Ocean pH time-series and drivers of variability along the northern Channel Islands, California, USA

Eastern boundary current systems (EBCSs) experience dynamic fluctuations in seawater pH due to coastal upwelling and primary production. The lack of high-resolution pH observations in EBCSs limits the ability to relate field pH exposures to performance of coastal marine species under future ocean change (acidification, warming). This 3-yr study describes spatio-temporal pH variability across the northern Channel Islands, along a persistent temperature gradient (1–4°C) within the eastern boundary California Current System. pH and Conductivity, Temperature, Depth, and Oxygen sensors were deployed on island piers in eelgrass and kelp habitat and on a subtidal mooring. Due to event-scale primary production, the temperature gradient across the islands did not manifest in a pH gradient. We resolved spatial pH variability on diel (ΔpHT 0.05–0.2: photosynthesis), event-scale (ΔpHT <0.1–0.2: upwelling, phytoplankton blooms, wind relaxation), and seasonal (ΔpHT 0.06: warming) time frames. In the kelp forest, summer mean pHT (8.01–8.02) and magnitude of diel pHT cycles (ΔpHT 0.12–0.10) were comparable year-to-year, despite 2.1°C warming from 2012 to 2014. Compared to nearby mainland sites, the northern Channel Islands experienced few low pH events. The majority of pHT observations were >7.9. The lowest pH observations (>1 SD below mean pHT) occurred under either warm (respiration during warm nights) or cold (advection of upwelled water) temperatures. We emphasize the importance of incorporating site-specific environmental variability in studies of ocean change biology, particularly in the design of multistressor experiments.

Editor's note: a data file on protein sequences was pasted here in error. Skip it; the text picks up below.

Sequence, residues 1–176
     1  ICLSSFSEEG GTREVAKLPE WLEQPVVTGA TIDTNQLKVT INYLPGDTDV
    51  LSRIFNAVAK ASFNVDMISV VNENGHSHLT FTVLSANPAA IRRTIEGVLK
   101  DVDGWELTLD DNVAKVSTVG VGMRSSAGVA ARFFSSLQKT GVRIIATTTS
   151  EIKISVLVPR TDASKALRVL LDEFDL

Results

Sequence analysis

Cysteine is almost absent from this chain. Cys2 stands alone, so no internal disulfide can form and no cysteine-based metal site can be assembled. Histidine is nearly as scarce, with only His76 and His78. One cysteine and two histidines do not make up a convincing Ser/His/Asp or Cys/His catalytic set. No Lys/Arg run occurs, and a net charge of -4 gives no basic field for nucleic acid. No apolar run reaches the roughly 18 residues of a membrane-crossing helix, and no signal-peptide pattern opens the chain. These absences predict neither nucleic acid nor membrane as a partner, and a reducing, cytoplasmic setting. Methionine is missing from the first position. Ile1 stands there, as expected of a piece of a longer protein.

Kapsenberg L. & Hofmann G., in press. Ocean pH time-series and drivers of variability along the northern Channel Islands, California, USA. Limnology & Oceanography. Article.


  • Reset

Subscribe

OA-ICC Highlights


%d bloggers like this: